She opens her arms to the poor and extends her hands to the needy. Proverbs 31:20 (NIV)
She Opens Her Arms – Proverb Ponderings – Part 4
I recently wrote on our mirror, ‘Have eyes that see.'
My Grandmother is 93, and she is pretty much blind. Doctors say she has less than five percent sight. Sight is something that we often take for granted.
The funny thing is that wherever we go, my Grandma knows exactly where we are. She gives me directions; she tells me off for using my phone while driving; her sense of hearing, touch and taste are refined so well, that she is totally present even without sight.
My grandma sees’s, but not with her physical eyes.
She perceives. So much so, it's scary.
The quote I wrote on my mirror hanging in our bathroom had more to do with perception than what I was visually focusing on with my eyes throughout the day.
I love this quote from Camille Pissaro;
“Blessed are those who see beautiful things in humble places, where other people see nothing.“
During these days of Novice Motherhood, I am surrounded by humble things. Moments when I try to wish away the tantrums and usher in better days. Wisdom is teaching me, however, to find beauty in the messy moments; to laugh when all I want to do is cry, and to look for other people who are struggling. It helps me find blessing in my weak places. We all have humble moments, right?!
Bank balances that cause terror as the EFTPOS card are awaiting its decline.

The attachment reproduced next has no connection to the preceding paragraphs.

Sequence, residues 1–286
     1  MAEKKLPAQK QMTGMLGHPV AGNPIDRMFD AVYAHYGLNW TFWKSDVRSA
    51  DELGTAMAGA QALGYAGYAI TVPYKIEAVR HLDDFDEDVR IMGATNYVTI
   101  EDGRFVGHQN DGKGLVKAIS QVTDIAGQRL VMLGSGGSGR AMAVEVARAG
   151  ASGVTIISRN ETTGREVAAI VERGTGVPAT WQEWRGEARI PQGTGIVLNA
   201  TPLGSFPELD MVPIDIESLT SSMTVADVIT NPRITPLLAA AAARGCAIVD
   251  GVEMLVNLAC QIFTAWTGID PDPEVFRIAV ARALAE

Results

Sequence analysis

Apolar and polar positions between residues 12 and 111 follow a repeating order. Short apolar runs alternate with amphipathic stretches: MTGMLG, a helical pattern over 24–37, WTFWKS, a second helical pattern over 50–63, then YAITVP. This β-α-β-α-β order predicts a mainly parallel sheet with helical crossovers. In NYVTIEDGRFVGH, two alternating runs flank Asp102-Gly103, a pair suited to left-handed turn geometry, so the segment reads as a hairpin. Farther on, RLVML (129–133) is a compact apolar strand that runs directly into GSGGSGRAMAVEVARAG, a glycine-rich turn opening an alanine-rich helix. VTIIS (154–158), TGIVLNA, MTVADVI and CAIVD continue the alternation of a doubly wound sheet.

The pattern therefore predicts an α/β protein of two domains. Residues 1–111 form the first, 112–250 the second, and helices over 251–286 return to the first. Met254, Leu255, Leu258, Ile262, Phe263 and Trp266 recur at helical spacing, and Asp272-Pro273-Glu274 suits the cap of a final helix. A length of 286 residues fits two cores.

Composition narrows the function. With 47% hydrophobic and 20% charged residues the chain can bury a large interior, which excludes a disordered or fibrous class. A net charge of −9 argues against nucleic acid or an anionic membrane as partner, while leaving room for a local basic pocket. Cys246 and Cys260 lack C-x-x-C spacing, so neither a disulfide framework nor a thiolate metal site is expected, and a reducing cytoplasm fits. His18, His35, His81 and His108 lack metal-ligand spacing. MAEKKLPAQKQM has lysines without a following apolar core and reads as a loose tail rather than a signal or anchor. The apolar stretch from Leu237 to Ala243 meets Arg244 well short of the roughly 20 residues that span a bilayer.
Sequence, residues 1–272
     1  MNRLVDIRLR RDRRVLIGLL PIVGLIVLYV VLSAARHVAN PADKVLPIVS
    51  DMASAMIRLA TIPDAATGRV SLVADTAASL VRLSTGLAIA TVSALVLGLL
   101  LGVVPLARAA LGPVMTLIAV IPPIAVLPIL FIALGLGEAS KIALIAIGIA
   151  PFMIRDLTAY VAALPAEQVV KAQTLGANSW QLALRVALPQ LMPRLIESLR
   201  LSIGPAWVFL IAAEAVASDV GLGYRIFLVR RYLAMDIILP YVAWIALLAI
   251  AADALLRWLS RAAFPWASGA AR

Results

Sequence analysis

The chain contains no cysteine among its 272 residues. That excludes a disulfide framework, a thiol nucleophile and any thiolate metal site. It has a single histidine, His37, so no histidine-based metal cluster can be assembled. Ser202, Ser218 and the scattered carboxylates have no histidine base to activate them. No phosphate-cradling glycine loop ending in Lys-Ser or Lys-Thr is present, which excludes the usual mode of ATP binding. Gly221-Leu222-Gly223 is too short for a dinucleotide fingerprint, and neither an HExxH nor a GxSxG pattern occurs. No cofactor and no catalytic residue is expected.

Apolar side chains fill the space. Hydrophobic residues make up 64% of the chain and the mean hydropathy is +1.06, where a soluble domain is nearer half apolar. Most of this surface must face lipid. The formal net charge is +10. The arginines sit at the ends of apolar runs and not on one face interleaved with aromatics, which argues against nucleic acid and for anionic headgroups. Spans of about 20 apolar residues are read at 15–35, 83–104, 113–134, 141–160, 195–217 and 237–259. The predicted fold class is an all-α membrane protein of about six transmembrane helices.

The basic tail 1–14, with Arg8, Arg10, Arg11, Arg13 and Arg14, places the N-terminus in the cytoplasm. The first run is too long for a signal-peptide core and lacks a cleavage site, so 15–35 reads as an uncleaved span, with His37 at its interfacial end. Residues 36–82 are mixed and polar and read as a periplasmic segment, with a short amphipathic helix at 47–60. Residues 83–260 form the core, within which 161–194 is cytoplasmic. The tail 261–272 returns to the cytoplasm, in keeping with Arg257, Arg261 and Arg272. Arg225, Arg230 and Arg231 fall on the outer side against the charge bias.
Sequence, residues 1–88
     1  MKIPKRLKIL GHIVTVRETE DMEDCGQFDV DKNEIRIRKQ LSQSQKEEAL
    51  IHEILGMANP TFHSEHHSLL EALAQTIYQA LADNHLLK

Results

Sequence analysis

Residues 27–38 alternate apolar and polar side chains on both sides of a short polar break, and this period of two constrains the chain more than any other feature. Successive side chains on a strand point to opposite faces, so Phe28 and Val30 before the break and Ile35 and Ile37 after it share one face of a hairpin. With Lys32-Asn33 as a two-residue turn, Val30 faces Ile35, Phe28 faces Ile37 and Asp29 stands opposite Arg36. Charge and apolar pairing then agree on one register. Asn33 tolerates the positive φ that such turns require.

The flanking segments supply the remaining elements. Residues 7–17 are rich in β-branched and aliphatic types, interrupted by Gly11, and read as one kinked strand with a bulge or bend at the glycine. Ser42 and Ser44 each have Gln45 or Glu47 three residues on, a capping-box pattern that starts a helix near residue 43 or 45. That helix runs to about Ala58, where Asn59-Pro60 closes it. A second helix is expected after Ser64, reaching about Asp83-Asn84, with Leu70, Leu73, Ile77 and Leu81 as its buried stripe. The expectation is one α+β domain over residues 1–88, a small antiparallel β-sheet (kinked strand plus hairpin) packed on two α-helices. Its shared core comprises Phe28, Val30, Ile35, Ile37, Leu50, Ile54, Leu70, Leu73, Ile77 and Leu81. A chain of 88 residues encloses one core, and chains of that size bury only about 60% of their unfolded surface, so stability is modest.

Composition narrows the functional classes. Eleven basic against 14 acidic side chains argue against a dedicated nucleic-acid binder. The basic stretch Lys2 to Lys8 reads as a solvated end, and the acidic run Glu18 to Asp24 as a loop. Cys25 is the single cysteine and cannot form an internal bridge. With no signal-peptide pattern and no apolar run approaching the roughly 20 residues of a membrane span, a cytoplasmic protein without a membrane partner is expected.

Misunderstandings between family members that make us feel small.
Even winter and its weather, that stops us from reaching out from the walls of our homes and shuts us away from neighbors.
I love the depth of this proverb:
“She opens her arms to the poor and extends her hands to the needy.” Proverbs 31:20.
The picture this proverb creates of a woman of wisdom is open, fresh and inviting. She doesn’t just throw money at those who are less fortunate than her; she throws open her whole self and extends her hands, not just in sentimentality, but practically, too, to make a difference.
Not only do I want to live a life where I open my arms and hands to those who are financially burdened, I also want to see those who are lonely and include them; I want to find beauty for those who have lost hope; and I want to walk with people who are a little lost and help them find their way.
I want to see.
I don’t want to stand alongside the lady at the playground with my head down looking at my phone. I don’t want to stare off into the distance in the shopping queue, tapping my foot, asking the lady in front to hurry. I don’t want to miss moments with my children when they learn something new.
I want to see.
How about you?
Are you so full of noise on the inside of your story that you are unable to see another’s pain?
To truly see: this, my friend, is the call of wisdom.